As a result of the Russian invasion of Ukraine, the price of natural resources has risen massively. There are likely to be several ramifications which in the long term may not be good for the oil and gas sector in the long term, suggests Kay Rieck, an experienced market observer and investor.
War is the worst-case scenario in every way. For the oil and gas sector, Russia’s incursion into the Ukraine will be viewed in the long term, I suspect, as absolute proof of this assertion.
If the circumstances were better, the numbers would be a cause for celebration in the industry. The price of Brent Crude is hovering at around US$100 per barrel, a hike of around 20% since the start of the year. West Texas Intermediate has shown a similar spike, and trading charts for natural gas looking like a tech bubble from the turn of the millennium.
Changing personal calculations
While the global economy had overall weathered the storm that was created by Covid-19, it was not in a great position prior to the Kremlin’s decision to invade Ukraine. The spectre of inflation was stalking several of the world’s major economies, and many people will have been looking at their personal finances and working out how they can tighten their belts.
And here is the first problem for the oil and gas sector. While significant supply chain component issues that have put price pressure on the cost of electric cars in recent months, they will be nothing compared to the change in the running cost of a traditional petrol vehicle over the next few months. And yes, the cost of charging an EV is also going to rise considerably, but the long and the short of it is that the equation that people will be doing as they try to work out the domestic ramifications of rising prices will be transformed by the rapidly rising cost of oil.
Changing economic pressures
The reminder that most countries rely on other countries for energies supply is likely to drive change, and pressure for change, significantly over the next few months. BP’s decision to offload its stake in Russian state-owned oil firm Rosneft might well have been on the cards for the last couple of years, but the way that it has been done certainly looks like a plaster being torn off rather than gradually removed. Norway’s Equinor is also in the process of divesting itself of its holding in Russian joint ventures.
For many of these firms, they are unlikely to return to these ventures in any meaningful way, it will simply accelerate their strategic moves to embrace alternative forms of energy. Other companies in other parts of the world may step in, but given the sanctions regimes that are being put in place, they may find this economically difficult and politically unpalatable in the short to medium term.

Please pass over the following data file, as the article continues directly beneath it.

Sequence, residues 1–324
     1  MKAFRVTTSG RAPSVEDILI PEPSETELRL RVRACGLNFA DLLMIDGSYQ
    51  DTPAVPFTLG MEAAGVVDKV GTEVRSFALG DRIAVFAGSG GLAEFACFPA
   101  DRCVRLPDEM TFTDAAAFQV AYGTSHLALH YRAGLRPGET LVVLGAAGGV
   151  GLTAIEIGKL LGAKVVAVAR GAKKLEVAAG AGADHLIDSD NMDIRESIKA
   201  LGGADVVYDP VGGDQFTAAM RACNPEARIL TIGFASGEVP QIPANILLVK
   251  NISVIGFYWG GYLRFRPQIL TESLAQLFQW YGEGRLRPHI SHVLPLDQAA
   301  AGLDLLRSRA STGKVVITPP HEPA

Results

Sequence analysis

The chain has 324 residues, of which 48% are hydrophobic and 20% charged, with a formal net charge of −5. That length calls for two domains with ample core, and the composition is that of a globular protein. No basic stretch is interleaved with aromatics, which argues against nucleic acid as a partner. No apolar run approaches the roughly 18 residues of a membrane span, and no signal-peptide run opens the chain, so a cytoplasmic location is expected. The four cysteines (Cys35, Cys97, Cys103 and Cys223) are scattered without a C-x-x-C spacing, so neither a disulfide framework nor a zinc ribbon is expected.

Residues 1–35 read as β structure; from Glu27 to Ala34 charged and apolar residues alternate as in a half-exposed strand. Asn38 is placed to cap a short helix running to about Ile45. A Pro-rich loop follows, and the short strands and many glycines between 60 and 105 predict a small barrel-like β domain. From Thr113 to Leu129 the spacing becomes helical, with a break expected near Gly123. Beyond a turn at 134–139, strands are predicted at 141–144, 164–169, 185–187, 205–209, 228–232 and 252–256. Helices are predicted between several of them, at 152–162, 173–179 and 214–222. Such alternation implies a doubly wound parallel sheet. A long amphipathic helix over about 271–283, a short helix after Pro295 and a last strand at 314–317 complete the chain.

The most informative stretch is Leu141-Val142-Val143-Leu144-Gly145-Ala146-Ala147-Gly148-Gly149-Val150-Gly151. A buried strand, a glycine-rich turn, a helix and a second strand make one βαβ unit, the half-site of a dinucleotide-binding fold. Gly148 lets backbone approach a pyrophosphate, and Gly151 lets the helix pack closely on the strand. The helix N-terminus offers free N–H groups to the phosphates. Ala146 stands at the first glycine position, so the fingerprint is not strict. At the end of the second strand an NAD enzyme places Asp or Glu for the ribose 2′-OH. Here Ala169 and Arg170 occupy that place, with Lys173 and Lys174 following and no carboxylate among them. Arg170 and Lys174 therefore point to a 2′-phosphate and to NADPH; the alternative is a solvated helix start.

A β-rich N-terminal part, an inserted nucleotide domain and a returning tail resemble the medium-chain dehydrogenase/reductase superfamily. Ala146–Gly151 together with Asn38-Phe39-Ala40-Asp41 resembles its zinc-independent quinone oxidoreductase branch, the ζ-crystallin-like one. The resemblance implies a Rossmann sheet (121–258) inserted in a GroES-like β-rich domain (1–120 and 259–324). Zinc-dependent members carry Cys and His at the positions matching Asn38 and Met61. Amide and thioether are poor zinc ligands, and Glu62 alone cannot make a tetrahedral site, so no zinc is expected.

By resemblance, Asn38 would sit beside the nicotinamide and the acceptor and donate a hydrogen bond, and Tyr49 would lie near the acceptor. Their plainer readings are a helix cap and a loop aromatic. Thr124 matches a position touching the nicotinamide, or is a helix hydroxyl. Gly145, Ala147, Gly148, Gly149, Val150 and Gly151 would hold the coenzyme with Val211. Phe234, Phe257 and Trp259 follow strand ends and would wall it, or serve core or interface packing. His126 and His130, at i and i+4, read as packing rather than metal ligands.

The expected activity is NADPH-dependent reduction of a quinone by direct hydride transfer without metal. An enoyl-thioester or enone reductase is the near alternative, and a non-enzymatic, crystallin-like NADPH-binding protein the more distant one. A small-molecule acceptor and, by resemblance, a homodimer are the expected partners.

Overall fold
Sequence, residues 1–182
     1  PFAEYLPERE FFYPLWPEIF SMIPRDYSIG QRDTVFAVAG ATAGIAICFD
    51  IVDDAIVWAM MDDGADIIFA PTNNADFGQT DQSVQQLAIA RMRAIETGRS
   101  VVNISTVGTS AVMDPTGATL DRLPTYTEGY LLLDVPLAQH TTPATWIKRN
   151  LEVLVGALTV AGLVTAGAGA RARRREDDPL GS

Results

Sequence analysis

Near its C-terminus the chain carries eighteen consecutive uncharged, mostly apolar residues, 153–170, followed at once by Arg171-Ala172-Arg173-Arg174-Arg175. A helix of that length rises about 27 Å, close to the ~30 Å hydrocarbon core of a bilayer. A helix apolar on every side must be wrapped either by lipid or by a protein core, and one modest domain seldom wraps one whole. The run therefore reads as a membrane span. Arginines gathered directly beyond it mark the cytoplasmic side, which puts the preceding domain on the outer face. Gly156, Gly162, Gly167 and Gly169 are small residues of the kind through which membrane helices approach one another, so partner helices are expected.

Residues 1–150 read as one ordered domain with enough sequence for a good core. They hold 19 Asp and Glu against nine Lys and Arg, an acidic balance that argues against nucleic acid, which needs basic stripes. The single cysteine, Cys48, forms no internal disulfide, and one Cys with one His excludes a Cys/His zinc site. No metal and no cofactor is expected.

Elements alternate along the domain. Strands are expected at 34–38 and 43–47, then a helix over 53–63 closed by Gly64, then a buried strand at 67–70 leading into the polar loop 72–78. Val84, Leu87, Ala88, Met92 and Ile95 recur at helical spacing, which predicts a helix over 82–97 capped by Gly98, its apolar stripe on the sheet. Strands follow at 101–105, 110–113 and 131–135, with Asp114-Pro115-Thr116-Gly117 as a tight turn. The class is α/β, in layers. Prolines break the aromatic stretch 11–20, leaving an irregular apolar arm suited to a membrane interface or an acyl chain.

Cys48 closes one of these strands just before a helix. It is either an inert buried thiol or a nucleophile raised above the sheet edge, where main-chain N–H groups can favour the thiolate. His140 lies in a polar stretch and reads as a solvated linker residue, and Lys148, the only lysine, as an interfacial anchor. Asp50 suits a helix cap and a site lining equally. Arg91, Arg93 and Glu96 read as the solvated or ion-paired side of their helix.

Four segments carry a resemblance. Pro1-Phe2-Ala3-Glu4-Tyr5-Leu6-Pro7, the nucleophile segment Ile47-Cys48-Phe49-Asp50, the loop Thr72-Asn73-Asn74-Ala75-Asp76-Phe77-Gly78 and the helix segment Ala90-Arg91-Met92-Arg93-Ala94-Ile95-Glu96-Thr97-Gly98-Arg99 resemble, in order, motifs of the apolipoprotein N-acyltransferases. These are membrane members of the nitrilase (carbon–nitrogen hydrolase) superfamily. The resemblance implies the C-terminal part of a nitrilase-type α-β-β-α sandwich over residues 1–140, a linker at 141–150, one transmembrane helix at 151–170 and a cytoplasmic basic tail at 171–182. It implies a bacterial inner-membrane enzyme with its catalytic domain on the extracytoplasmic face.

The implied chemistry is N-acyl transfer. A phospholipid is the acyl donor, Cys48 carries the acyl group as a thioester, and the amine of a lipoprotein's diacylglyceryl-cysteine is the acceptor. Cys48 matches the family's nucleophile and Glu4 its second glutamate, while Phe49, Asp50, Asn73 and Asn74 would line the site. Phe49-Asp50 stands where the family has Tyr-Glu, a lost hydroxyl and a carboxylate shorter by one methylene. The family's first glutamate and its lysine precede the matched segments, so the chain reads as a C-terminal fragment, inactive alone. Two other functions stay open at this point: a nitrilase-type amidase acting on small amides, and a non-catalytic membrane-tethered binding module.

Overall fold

The break-up of OPEC+
The third issue for the oil and gas sector is that the Kremlin’s bellicose move could lead to the break-up of OPEC+.
The global oil sector has been divided into the 13 members of the Organization of the Petroleum Exporting Countries (OPEC) and a group of associated large oil producing countries that have tended to align their interests with OPEC. It’s a cartel system that has by and large managed both the stocks and prices of oil globally through closely guarding supply.
One of the most influential countries in the associated group is Russia. Given the economic sanctions that the Kremlin’s invasion has put Russia under, the country is likely to need to find ways to replenish itself on the global financial markets.
It is a vey complex situation, because even prior to the invasion, Russia was struggling to keep up with its production targets. As such, its influence within OPEC+ was starting to dimmish. While Russia’s move against the Ukraine is likely to have made calculations more complicated, it was thought that production targets were likely to be increased at the next OPEC+ meeting on March 2. This would have meant that gap between Russia’s commitments and its delivery would have become wider.
That said, geopolitics has changed significantly over the last decade, and Moscow’s influence with many OPEC+ members had increased significantly at the same time as Washington’s has waned, so any reduction in influence within OPEC+ should be seen through that lens. That said, Beijing now has a great deal more influence than it has ever had, and so there is a great deal of interest in China’s response to Russia’s invasion and this may have a significant influence on the future of OPEC+.
We watch the fighting in Ukraine with dismay and the cost in human lives and lost potential is undoubtedly going to be colossal. The ramifications for the oil and gas industry are irrelevant in that context, but they are likely to be significant nevertheless.